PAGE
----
With a world that is becoming increasingly globalized, there are fewer places that genuinely feel “remote.” However, all avid travelers have their favorite areas of cities and countries, and usually, these areas are untouched by souvenir shops, buskers, or other touristic tidbits. Often, these places are inhabited by a local population going about their everyday lives.
A significant characteristic of responsible tourism is that a visitor leaves the area as they entered it, impacting the place as little as possible. Responsible travelers shop local, avoid big hotel chains, and respect the culture of the surrounding area.
If you’re a responsible traveler looking to get away from it all, check out these amazing remote locations far removed from human civilization as we know it:
Faroe Islands, Denmark
Denmark’s Faroe Islands is an adventurer's wildest dream. This rugged archipelago of islands is located halfway between Iceland and Norway in the North Atlantic. This northern location makes for a cool, windy, and wet climate.
With endless adventures in store such as bird watching, hiking, sailing, and diving, there’s something for every type of traveler. Currently, the population of the islands lay at around 50,322, with the islands operating as a self-governing country.
How to get there: The Faroe Islands are remotely located, but that doesn’t mean that they’re hard to reach! Visitors can fly non-stop from a range of locations including Copenhagen, Reykjavik, Edinburgh, and Bergen, reaching the islands in only one to two hours.
Feel like traveling slow? It’s only suitable that the islands are accessible by ferry from both Denmark and Iceland.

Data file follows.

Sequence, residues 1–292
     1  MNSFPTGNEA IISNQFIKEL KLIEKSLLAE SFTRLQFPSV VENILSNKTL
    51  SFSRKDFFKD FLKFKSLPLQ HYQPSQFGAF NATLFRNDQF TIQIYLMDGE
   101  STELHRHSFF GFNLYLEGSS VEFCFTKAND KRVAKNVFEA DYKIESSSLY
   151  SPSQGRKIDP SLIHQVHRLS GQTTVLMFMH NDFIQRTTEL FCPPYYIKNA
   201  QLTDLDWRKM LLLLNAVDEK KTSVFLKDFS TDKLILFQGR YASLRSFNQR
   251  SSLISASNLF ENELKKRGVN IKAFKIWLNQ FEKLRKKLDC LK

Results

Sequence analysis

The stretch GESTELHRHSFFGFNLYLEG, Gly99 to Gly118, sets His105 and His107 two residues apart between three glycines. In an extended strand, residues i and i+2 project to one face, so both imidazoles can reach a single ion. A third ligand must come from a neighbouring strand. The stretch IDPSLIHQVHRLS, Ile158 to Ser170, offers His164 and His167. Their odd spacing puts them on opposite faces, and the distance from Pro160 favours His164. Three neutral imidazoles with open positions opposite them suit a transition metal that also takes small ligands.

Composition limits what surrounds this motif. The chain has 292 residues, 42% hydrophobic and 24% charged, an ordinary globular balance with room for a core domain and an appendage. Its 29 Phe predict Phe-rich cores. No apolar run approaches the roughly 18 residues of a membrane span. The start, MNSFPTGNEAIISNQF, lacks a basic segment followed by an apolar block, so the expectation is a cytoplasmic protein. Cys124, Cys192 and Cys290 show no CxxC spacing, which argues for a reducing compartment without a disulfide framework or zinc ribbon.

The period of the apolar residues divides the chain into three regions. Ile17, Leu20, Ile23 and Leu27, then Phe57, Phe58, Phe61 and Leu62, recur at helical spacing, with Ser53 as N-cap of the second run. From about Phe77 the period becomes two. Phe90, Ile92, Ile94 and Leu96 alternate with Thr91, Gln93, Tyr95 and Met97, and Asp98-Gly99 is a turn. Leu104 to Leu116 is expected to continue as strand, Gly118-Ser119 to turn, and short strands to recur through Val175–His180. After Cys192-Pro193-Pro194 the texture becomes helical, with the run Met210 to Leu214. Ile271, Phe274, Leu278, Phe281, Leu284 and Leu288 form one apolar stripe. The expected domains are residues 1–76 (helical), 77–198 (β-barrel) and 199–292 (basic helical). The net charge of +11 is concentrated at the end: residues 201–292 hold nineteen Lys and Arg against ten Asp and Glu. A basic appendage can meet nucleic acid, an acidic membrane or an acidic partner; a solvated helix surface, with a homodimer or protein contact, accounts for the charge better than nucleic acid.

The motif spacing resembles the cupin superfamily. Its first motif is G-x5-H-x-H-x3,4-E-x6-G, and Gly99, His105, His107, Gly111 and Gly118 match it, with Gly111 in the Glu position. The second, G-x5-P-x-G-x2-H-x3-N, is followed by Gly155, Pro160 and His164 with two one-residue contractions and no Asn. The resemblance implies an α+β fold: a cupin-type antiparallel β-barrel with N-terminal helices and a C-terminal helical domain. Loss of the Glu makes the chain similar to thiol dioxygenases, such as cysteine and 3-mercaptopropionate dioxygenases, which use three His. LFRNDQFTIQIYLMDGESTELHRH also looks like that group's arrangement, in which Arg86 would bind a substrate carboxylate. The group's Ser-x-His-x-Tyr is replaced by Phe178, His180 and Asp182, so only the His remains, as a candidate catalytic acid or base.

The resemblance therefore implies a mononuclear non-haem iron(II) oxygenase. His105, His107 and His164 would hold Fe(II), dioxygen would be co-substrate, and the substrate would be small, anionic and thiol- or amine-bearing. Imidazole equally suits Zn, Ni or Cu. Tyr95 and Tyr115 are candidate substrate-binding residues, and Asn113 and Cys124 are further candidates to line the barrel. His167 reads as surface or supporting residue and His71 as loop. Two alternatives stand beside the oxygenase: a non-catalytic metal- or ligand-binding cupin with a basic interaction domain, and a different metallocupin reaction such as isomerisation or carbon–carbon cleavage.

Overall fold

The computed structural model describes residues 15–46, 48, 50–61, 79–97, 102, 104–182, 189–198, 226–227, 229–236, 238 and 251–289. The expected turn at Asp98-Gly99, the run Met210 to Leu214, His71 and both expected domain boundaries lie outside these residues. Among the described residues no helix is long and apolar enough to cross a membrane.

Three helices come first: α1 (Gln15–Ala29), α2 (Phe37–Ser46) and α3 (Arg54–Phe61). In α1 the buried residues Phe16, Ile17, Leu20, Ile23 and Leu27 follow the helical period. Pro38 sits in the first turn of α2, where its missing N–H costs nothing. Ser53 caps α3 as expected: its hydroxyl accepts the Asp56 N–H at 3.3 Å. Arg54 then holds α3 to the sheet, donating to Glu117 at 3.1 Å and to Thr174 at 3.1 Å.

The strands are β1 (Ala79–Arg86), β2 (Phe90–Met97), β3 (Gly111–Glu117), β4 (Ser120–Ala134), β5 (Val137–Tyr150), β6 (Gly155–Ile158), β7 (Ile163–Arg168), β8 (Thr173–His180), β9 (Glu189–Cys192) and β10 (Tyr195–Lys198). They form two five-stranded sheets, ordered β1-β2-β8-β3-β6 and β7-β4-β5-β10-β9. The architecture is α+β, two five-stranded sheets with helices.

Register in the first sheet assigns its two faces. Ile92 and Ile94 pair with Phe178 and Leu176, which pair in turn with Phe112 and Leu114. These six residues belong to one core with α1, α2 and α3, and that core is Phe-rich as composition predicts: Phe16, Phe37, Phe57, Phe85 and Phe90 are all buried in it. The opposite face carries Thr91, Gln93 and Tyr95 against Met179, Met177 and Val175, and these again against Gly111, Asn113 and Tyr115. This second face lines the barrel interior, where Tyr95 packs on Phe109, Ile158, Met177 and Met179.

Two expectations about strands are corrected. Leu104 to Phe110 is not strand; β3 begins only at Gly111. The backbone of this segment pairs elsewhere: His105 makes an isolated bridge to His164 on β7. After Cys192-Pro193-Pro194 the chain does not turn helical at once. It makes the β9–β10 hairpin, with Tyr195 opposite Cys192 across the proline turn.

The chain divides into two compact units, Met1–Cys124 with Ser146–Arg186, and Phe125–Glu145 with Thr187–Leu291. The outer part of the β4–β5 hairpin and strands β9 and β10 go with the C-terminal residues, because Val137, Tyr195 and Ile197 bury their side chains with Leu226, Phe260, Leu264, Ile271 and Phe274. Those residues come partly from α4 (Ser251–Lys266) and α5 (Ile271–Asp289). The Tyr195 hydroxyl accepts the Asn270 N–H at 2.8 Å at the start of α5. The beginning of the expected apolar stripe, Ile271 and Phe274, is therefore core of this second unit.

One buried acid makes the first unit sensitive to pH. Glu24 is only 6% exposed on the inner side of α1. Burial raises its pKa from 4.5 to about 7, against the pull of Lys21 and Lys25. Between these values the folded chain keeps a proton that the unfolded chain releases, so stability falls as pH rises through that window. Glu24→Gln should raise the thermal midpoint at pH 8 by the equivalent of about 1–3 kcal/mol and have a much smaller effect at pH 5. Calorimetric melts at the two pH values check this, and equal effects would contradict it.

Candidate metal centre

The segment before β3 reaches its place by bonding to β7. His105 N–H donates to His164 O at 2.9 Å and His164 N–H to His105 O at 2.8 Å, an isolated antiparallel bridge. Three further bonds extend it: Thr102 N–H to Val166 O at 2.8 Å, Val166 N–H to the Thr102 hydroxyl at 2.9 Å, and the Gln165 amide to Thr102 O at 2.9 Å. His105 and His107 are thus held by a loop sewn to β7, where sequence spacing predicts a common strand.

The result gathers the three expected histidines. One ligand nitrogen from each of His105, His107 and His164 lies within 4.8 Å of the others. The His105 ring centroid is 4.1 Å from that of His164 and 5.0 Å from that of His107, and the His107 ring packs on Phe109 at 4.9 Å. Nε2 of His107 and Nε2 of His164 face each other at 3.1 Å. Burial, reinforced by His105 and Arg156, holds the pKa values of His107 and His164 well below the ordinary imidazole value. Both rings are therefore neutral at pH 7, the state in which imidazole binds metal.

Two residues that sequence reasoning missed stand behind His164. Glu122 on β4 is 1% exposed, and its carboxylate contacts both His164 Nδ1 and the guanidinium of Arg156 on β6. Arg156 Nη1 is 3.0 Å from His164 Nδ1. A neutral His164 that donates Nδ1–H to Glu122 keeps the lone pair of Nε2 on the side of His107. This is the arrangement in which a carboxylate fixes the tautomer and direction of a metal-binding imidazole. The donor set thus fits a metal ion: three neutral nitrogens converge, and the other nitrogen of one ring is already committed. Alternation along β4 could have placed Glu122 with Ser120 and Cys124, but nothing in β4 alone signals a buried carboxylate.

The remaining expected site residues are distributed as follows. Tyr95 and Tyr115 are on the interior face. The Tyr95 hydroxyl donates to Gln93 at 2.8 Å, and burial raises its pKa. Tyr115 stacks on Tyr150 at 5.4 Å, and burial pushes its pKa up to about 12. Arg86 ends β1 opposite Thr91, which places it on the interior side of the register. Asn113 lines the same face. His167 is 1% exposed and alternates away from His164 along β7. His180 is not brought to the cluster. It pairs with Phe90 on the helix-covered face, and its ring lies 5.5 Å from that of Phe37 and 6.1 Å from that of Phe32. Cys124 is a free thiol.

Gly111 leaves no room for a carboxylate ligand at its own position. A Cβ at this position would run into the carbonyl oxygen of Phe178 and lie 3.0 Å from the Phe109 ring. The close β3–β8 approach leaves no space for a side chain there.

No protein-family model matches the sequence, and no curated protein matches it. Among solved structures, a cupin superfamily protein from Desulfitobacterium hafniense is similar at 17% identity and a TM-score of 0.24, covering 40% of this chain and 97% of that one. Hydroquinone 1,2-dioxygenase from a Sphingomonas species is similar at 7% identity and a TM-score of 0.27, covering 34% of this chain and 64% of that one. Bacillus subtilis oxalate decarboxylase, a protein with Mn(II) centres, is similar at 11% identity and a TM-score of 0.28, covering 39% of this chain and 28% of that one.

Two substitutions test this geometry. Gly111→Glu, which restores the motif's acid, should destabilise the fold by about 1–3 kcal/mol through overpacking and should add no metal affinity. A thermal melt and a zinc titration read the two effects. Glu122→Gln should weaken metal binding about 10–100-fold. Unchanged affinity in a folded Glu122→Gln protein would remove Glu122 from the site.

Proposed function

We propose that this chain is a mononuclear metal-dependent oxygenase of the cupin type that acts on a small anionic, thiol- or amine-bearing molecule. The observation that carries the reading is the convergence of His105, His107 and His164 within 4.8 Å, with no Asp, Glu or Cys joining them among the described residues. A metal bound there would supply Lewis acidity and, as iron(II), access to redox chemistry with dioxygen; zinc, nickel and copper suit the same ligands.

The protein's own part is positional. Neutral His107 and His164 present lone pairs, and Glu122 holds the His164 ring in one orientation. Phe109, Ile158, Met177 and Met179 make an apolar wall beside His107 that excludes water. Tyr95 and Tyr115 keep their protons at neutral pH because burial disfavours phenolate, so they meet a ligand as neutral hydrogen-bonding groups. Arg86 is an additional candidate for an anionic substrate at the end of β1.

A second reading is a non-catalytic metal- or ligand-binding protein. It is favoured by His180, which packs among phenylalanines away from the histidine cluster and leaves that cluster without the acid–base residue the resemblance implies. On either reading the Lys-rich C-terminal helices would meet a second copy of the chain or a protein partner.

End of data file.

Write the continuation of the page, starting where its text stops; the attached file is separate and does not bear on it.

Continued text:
Okay, I get it: Hawaii may not feel like a “remote” location, but as these magical islands lay smack-dab in the middle of the Pacific. In total, the Hawaiian Islands are made up of 137 islands and islets, with eight main islands that are easily accessible for visitors.
With endless eco-tourism options, Hawaii is perfect for the responsible traveler looking to get in touch with nature once again. Hawaii has the highest number of threatened and endangered native animal and plant species in the world, meaning that it’s the responsibility of visitors to learn about the area and act with care to conserve the immaculate landscape.
How to get there: There are direct flights to Honolulu International Airport on Oahu from many North American destinations, from where travelers can easily get to other islands in the area via ferry or airline connections.
Easter Island, Chile
Easter Island is now a part of Chile, but boasts an ancient culture different from anywhere else on the planet. Also known as Rapa Nui, Easter Island is brimming with large stone heads crafted by Polynesian inhabitants who lived on the island hundreds of years ago.
This mysterious and remote island is not for the faint of heart, as its inhabitants are dedicated to eco-tourism and keeping things personal.
How to get there: Easter Island is reachable by regular direct flights from Santiago, Chile, and once a week from Papeete on Tahiti.
The rural town of Oymyakon, Siberia is one of the coldest inhabited locations in the world. Located on the Indigirka River, this Russian town of 500 people is one of the most remote landlocked areas reachable - and livable - by humans. During the winter, the area is dark 21 hours of the day. This extreme location demonstrates the determination of the human spirit and dedication by locals to continue to call this place “home.”
How to get there: Due to the freezing temperatures, plane travel to Oymyakon isn’t usually an option. However, a two day drive in a car will get you there, with some companies offering customizable tours for visitors.
Remember that these remote destinations and their inhabitants are precious spots on Earth that deserve respect. Where ever you choose to go, do so with humility and curiosity.
Carlene Kurdziel is a writer who uses her love of storytelling to get to the heart of the matter, whatever it may be. Interested in “do-good” businesses, she helps humanize brands to connect with their audience. When Carlene isn’t tapping away at a keyboard, she’s partial to researching social and environmental justice, exploring her city, and traveling to foreign lands when she can.